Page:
Two weeks after an underwhelming union strike and 13 months into contract talks, Yale negotiators offered new contract proposals Monday with the intention of speeding up the long-stalled negotiations. Given the merits of the University’s economic proposals, the state of the nation’s economy, and the drawn-out nature of negotiations, we urge union leaders to accept the new contract offer.

The new plan, announced at negotiations and via e-mail to students, faculty and staff, contained small changes in economic proposals, but the major change was its length. Under the University’s plan, the contracts would last for 10 years, nearly triple the average contract length in recent history. If adopted, Yale President Richard Levin argued, the contracts would ensure nearly nine years in which the two sides could try to achieve better labor relations without the distraction of contract negotiations and job actions.

While the idea of a 10-year contract would provide time to mend the historically tempestuous relations between Yale and the unions, the length will likely meet its share of skepticism and warrants some caution. The contracts themselves offer strong job security guarantees that are appealing in a long agreement. Instead of beginning to prepare for the next round of negotiations shortly after one ends, the University and its unions might have time to work on improving their relationship if the contracts lasted for more than a few years. But 10 years is a long time to go without the possibility of adjusting contracts — particularly given that most union contracts at Yale over the last 35 years have been for three or four years. Already the two sides have disagreed on the proposed length of contracts with unions favoring shorter over longer. In earlier negotiations this year, Yale leaders have asked for six-year contracts while union leaders have asked for a four-year contract.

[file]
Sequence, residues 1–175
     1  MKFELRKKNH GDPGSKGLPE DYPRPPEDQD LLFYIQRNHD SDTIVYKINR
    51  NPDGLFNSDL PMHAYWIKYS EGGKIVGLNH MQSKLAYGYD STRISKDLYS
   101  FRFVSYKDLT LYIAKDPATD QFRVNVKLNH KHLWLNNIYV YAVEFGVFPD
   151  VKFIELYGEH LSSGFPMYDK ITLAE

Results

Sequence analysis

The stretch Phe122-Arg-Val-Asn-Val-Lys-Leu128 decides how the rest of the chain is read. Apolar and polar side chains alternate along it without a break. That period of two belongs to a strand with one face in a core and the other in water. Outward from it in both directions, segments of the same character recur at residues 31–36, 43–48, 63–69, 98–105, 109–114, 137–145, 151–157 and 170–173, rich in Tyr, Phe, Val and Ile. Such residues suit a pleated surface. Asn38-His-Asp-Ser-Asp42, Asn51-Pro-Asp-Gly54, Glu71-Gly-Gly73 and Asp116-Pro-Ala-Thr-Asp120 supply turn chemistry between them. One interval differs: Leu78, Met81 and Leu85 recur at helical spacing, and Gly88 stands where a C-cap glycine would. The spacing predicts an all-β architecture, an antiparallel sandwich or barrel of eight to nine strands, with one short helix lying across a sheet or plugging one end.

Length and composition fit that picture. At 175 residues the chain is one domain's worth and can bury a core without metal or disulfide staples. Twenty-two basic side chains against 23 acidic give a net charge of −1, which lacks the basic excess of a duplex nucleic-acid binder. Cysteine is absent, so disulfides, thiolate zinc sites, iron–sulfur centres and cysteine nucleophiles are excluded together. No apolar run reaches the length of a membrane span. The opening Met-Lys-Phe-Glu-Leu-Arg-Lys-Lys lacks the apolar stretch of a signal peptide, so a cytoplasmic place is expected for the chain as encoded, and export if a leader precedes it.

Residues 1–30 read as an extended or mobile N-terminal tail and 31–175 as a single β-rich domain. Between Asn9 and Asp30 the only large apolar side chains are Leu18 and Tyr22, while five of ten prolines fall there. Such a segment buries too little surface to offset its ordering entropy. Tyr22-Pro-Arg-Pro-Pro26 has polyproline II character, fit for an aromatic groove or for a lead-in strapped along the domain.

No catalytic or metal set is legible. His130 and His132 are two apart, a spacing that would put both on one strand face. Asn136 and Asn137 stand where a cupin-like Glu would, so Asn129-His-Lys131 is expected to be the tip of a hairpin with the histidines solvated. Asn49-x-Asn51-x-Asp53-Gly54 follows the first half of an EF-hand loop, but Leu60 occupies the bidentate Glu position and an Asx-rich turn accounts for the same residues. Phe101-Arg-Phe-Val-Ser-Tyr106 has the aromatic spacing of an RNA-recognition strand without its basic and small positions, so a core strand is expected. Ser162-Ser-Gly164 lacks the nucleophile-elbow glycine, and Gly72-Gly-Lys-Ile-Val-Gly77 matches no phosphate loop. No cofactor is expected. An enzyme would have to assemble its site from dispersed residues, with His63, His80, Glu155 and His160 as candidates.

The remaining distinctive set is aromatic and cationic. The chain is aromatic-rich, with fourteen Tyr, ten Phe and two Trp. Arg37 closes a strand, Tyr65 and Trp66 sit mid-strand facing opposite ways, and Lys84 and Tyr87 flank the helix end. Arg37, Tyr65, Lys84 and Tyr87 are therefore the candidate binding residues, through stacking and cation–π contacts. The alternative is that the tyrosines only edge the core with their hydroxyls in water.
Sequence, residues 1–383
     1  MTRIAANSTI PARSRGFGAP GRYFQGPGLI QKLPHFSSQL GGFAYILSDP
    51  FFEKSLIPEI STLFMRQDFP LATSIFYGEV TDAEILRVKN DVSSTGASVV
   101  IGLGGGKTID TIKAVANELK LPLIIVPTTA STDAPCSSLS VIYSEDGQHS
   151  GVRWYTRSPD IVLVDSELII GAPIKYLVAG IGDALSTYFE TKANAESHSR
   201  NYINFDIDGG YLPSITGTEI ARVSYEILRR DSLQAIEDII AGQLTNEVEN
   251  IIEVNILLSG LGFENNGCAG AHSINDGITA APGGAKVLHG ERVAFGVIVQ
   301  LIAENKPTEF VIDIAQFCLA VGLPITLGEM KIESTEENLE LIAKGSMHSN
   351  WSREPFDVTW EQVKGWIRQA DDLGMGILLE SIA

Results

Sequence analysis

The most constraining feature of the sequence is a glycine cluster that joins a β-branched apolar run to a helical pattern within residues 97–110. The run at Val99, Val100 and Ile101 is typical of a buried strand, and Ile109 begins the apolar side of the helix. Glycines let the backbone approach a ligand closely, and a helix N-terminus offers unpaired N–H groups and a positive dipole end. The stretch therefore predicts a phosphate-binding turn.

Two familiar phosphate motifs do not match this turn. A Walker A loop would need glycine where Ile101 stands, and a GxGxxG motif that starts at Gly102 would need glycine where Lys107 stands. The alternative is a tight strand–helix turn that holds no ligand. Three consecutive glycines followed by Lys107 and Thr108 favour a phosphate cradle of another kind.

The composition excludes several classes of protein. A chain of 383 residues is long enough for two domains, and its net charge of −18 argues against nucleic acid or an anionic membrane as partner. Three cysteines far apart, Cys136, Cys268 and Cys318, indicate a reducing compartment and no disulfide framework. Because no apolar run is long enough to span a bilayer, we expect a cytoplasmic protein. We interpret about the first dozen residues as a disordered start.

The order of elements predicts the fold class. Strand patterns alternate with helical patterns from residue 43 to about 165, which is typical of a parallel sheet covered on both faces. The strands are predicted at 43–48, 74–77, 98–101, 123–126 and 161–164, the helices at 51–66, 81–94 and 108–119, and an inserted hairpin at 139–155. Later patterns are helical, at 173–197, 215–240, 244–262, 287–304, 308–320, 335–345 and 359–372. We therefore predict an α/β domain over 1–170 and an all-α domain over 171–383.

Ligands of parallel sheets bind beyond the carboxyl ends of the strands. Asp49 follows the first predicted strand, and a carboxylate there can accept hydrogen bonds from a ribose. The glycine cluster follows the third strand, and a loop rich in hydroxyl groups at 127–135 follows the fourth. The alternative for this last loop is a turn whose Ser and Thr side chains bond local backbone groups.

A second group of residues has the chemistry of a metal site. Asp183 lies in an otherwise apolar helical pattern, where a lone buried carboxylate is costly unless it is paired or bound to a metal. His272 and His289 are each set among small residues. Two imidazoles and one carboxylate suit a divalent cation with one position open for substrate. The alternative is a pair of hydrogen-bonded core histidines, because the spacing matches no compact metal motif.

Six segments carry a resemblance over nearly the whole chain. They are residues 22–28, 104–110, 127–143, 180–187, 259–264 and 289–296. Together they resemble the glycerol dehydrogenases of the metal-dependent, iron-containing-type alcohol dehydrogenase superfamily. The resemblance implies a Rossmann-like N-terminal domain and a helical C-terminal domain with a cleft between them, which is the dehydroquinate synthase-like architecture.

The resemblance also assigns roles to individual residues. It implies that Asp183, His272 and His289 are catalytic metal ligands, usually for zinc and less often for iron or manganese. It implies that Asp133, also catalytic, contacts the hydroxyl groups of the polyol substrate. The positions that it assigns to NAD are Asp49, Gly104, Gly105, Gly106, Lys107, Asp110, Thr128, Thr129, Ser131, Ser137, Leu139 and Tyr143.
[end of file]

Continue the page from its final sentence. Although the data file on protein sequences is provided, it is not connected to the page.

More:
But despite uncertainties over the length of the contract, the unions would be well-served to accept Yale’s contract offer. In the context of an ailing national economy and a state where many workers have faced layoffs and givebacks, Yale’s contract offers stand out by offering substantial raises and high levels of job security. The University proposes to increase pensions between 14 and 19 percent, which is a reasonable increase, though not an outstandingly generous one.

Union members expressed their frustrations and furthered Yale’s reputation as a campus with troubled labor relations with the walkout earlier this month. With the strike now over, union leaders have few realistic options besides settling contracts quickly. Given the strong contract offers already on the table, it is unlikely that any more dragging out of negotiations will lead to much more than needlessly delayed raises for workers and prolonged headaches for the campus.